It happened

Posted: March 31, 2013 in Bariatric surgery, family, Food porn, liquid diet, regrets, Supportive Partner Woman

So, today had the promise of a pretty good day. I got some sleep, write a post, did stuff for awhile, the Supportive Partner Woman (Understanding!) and I went to visit her family. I’ve alluded to the fact that SPW’s mother has had some health issues and she is currently in a care facility for therapy and rehabilitation. As such, we’ve been known to take the holiday meal to her. SPW’s sister and brother-in-law brought a ham, potato filling, green bean surprise, corm, rolls, basically an entire feast.

I brought a container of sugar-free Jell-o and a container of sugar-free pudding.

easterI thought I’d be OK with it. I really thought I’d be OK with it. Then I made the mistake of thinking about it. Then, as a lark, I took pictures of the great disparity. Then I wanted nothing more than to eat real food. It was a physical longing such that I never really felt before. I just wanted some ham and potatoes and bread. Lots of bread. I just wanted to eat and eat and eat and eat. And the worst part is that I wasn’t even hungry. It was a compulsion

I was a junkie in search of his fix.

It scared me so much I couldn’t even talk about it with SPW, who was feeling incredibly guilty for eating real food in front of me.

I started wondering whether I had just made one huge mistake.

I’ve been pondering that since I got home. I was even trying to plot a way to put some leftovers in the blender and puree myself some Easter dinner.

Pureed ham. Ain’t nothing better ‘n that.

Seriously, though… I have to wonder if I’m always going to feel that way at a holiday table. Or if we go out. Will I always be craving that next meal? Was this just a moment of weakness or am I doomed to this feeling every time? I just don’t know.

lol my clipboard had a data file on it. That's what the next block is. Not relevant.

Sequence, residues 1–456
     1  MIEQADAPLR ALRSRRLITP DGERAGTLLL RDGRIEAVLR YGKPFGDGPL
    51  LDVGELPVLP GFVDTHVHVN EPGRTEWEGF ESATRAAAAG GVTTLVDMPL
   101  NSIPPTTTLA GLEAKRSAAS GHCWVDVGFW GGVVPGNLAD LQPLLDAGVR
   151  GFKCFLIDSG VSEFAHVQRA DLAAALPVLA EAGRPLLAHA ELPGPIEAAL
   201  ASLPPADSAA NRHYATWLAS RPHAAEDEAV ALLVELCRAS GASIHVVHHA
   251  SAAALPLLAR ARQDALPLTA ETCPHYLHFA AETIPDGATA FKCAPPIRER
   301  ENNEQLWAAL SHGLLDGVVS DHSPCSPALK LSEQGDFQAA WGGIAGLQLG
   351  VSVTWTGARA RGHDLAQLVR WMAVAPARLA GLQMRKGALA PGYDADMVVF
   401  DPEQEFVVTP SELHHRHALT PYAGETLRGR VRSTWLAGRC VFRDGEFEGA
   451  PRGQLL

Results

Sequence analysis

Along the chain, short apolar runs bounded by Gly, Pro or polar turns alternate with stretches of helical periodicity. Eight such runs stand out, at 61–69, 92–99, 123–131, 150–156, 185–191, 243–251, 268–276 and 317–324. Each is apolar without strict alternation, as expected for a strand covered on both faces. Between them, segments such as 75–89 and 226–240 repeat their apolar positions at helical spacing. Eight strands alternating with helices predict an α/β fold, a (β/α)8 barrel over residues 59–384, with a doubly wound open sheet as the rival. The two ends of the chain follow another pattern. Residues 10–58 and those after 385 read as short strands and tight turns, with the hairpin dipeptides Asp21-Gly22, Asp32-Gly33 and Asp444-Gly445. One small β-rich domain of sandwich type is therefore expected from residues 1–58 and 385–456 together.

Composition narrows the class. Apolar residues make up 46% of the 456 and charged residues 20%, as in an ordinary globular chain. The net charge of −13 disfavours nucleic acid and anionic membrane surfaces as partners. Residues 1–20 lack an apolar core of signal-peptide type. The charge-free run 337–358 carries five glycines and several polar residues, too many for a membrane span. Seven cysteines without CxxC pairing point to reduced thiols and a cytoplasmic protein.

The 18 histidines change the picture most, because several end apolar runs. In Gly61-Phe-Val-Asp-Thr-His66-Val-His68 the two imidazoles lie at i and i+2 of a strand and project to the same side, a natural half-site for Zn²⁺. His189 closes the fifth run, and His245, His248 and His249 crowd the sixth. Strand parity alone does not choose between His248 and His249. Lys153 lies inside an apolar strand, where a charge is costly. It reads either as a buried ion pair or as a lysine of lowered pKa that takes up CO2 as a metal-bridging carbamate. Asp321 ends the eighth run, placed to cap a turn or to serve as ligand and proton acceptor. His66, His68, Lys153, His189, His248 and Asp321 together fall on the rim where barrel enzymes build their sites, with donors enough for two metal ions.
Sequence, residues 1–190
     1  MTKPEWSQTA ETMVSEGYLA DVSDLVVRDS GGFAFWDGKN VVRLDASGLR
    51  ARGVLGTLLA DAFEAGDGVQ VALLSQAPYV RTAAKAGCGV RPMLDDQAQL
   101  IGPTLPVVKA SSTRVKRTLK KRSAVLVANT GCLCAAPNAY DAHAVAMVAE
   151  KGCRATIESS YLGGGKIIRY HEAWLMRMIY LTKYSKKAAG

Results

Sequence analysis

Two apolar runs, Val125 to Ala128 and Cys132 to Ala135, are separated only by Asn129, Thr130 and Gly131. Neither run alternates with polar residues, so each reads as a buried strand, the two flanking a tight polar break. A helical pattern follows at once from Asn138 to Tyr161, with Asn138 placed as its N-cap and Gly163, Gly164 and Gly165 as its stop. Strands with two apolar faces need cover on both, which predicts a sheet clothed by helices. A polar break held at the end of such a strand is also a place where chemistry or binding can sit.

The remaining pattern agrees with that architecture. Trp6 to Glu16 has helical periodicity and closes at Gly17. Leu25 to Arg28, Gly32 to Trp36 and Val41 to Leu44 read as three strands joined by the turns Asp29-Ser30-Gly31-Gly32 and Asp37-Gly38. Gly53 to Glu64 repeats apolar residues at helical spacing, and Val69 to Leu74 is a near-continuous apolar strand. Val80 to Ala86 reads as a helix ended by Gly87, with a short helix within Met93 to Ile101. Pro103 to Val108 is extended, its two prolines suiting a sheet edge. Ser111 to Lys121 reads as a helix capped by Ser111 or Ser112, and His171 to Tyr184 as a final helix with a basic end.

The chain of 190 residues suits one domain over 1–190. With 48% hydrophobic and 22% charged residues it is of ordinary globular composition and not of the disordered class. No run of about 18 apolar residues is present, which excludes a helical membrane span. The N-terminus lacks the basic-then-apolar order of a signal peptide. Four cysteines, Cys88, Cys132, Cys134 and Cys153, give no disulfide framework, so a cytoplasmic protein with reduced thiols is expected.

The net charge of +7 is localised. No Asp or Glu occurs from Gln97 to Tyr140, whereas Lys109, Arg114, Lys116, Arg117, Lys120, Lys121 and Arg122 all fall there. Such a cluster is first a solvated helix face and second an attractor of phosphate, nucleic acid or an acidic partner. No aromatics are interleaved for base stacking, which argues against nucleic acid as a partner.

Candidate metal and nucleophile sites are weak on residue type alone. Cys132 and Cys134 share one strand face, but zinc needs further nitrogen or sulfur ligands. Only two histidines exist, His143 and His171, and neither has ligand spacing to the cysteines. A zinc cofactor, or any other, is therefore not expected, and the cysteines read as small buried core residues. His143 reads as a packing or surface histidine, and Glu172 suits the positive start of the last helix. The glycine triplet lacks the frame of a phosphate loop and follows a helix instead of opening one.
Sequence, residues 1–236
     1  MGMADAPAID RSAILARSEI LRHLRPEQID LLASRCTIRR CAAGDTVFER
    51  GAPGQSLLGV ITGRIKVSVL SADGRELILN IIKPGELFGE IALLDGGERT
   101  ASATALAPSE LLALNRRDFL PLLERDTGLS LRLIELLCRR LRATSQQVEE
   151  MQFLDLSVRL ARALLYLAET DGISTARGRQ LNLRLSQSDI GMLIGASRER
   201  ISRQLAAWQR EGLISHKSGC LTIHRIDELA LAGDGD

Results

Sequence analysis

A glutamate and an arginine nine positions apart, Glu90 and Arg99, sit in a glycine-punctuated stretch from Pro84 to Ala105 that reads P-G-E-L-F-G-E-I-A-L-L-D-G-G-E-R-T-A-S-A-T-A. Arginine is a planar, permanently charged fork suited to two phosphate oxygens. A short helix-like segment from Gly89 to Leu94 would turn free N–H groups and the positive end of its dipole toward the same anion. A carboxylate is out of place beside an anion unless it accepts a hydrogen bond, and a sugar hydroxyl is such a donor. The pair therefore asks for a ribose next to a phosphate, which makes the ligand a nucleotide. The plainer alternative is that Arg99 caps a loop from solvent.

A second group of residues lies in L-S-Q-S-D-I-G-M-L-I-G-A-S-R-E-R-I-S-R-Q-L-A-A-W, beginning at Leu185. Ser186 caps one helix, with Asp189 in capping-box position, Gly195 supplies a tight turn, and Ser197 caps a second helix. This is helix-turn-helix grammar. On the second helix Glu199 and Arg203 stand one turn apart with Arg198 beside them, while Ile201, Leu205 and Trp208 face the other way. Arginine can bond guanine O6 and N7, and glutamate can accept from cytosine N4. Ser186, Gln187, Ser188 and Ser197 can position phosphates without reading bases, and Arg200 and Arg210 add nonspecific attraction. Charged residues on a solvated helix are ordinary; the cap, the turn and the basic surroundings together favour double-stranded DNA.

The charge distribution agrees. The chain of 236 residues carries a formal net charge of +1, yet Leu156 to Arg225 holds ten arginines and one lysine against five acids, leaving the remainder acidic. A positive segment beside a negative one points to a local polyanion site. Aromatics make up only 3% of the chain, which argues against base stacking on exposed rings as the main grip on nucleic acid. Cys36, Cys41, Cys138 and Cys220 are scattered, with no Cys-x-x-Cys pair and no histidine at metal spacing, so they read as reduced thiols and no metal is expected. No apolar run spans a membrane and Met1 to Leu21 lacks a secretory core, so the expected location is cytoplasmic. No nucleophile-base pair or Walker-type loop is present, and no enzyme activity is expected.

In a way, those of us who are overweight have it tougher than folks addicted to alcohol or drugs or smoking. We still need food to survive. This whole episode today has me wondering if I can do this. If I really can succeed.

I guess I need to take it one day at a time.

Thanks for listening.

  1. Wow, I thought about that as part of my decision to have bariatric surgery or not. I am part of a program through our healthcare system here in Canada that goes through the psychology supports, dietitian as well as kenislogist, nurse and doc. At group we talk about what you just did. That scares me. I admire your bravery and willingness to tell it like it is. All I can say is, whether you go through the surgery or not, we (you and me) have made life decisions to CHANGE our behavior towards food. Part of that is to stop thinking about food in terms of treats, deserving, rewards etc. Food is fuel not therapy is my mantra. We will get through this and one day we will be able to normalize food in our everyday life. Keep going! It is worth it!!

  2. Kurt Smith says:

    Brian – I haven’t been commenting (or calling, sorry man), but I’ve been reading and your fast recovery is in our thoughts and prayers. There’s going to be pangs of whether you did the right thing simply because this is a big change. Just remind yourself that you didn’t want to do insulin anymore and shouldn’t have to if you don’t want to. God Bless Cuz.

  3. Tammi says:

    First off, I have made that same addiction analogy – alcoholics can completely recover. Food addicts – we have to eat. I’m glad someone else has finally said that. Second – you will be able to have a holiday meal again, just not for a while. Next easter, you will have ham, and potatoes and bread. Just not as much as LAST easter. And I can almost guarentee you it is worth it. It was not a mistake. Because very soon – you’ll be able to do things, that have been a struggle in the past. And that is so much more important than a slice of ham. I am years past as you know, and I can put away a lot of food – and on occasion I do. I almost always regret it because its so easy to slide. Think to the future, not the past. The cravings will probably always be there – you have to control the portiions! Hang in there – it does get better.

  4. Stephanie M says:

    You got this Brian. I’m so proud of you that you made it through a really tough situation. When I saw the title I figured you finally went potty. Food is my choice of drug also, so I feel your pain. Hang in there buddy. I wish I could say something witty or helpful, but I’ve got nothing. I have no idea how to get over food cravings. No idea. Sending hugs.

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